DOMESTIC VIOLENCE PROTECTION ORDERS UNDER WASHINGTON LAW
A Domestic Violence Protection Order (DVPO) is sought by a victim of domestic violence. More specifically, Washington law says that a DVPO can be obtained by a person experiencing physical harm, bodily injury, assault, stalking, or sexual assault by a family or household member. A person may also file for this protection order if he/she fears imminent physical harm or bodily injury by a family or household member.
Under Washington law, family or household members include:
- Spouses/former spouses
- Persons who have children in common
- Persons who are dating or previously dated
- Adult persons related by blood or marriage
- Adult persons residing together or who have resided together in the past
- Persons 16 years of age or older residing together and who have had a dating relationship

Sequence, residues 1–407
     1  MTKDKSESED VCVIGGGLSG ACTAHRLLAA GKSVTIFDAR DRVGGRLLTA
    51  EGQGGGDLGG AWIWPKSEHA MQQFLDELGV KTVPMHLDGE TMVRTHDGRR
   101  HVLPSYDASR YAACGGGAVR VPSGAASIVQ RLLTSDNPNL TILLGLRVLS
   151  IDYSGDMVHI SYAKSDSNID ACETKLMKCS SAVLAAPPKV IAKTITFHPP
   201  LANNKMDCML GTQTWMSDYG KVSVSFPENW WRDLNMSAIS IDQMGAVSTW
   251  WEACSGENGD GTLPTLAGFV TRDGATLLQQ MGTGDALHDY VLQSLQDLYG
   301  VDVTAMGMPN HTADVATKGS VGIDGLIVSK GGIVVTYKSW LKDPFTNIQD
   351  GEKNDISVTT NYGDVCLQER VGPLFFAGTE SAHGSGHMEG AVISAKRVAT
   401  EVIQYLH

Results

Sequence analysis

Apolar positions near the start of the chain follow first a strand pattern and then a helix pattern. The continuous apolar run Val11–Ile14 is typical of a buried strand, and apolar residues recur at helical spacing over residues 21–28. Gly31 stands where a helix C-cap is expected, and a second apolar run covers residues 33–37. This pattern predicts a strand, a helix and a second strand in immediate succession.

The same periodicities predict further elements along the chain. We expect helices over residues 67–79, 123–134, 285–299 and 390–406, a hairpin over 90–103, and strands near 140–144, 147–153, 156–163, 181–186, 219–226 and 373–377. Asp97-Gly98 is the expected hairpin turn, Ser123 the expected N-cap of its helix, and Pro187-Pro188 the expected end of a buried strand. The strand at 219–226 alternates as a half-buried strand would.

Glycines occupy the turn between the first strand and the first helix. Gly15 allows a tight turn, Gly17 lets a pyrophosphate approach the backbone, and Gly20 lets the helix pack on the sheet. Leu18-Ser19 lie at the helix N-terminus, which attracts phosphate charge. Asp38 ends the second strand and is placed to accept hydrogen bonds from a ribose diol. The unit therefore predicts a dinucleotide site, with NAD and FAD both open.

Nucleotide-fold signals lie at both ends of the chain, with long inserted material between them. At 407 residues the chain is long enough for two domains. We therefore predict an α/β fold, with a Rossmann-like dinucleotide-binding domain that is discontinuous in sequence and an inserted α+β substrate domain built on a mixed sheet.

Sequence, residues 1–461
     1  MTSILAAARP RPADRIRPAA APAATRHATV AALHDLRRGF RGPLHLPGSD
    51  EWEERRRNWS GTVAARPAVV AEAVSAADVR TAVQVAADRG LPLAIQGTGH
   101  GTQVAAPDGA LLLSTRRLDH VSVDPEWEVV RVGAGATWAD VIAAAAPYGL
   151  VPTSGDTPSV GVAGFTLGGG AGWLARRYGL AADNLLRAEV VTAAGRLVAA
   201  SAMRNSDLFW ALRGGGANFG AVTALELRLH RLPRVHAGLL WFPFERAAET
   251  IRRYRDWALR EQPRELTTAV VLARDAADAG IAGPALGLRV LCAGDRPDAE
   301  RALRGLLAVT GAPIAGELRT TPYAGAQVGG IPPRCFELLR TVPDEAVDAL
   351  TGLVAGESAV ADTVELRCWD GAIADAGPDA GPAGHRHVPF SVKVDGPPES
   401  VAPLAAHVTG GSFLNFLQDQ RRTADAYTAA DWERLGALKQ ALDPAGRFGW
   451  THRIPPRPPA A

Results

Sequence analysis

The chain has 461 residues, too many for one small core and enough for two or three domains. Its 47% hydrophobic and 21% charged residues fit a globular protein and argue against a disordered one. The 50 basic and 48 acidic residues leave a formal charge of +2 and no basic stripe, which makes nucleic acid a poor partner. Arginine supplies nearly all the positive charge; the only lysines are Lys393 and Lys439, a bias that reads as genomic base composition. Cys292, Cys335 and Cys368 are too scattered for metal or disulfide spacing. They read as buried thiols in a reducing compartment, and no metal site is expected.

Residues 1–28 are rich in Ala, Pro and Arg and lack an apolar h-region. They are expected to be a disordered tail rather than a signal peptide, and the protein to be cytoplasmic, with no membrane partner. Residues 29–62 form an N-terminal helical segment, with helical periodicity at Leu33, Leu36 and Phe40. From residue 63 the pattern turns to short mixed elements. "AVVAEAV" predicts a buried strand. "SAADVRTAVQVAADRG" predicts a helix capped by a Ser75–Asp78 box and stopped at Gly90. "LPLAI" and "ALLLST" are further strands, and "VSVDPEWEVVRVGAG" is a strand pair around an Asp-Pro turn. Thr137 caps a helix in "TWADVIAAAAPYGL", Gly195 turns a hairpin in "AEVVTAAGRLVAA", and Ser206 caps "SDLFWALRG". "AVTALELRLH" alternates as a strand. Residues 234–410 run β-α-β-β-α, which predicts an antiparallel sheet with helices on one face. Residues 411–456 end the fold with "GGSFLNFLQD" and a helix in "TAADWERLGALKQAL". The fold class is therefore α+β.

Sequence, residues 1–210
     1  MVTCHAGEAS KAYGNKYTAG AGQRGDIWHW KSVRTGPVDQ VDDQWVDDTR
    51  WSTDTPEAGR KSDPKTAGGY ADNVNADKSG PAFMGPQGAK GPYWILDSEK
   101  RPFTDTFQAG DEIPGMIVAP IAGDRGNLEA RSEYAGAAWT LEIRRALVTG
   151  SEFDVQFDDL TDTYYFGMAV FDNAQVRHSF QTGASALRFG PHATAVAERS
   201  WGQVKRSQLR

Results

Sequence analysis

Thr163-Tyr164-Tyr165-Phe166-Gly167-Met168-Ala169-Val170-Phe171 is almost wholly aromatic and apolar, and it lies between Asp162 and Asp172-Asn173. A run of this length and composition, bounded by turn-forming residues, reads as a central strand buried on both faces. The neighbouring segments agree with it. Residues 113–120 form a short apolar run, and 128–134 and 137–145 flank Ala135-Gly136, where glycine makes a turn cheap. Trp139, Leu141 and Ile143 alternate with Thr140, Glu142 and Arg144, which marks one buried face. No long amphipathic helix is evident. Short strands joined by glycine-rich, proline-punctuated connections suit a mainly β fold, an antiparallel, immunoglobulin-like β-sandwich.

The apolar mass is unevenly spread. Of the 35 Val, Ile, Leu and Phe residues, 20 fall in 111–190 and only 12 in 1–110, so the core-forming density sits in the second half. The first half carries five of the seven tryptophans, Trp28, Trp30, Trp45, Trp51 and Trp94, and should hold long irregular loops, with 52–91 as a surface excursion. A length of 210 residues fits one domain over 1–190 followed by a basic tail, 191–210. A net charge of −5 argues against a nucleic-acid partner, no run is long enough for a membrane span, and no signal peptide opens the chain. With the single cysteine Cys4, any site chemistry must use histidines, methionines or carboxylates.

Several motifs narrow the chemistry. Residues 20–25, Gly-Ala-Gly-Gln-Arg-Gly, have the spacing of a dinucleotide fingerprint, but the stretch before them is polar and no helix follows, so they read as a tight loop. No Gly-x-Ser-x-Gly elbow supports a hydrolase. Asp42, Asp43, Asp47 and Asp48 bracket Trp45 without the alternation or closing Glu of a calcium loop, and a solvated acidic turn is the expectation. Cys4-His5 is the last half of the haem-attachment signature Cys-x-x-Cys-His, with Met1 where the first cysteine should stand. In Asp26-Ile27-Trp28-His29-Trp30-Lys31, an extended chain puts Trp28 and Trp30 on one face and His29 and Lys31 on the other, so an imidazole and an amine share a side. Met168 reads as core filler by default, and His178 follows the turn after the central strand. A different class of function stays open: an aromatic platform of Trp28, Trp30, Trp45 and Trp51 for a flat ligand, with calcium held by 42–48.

- Persons 13 years of age or older and who have had a dating relationship with someone 16 years of age or older
- Persons who have a biological or legal parent child relationship, including step-parents and grandparents.
If successfully obtained, a domestic violence protection order prohibits the restrained party from having any contact at all with the protected party. A DVPO can be in place on a temporary basis, for a year or more, or on a permanent basis. Persons restrained by DVPOs will likely face firearm prohibitions.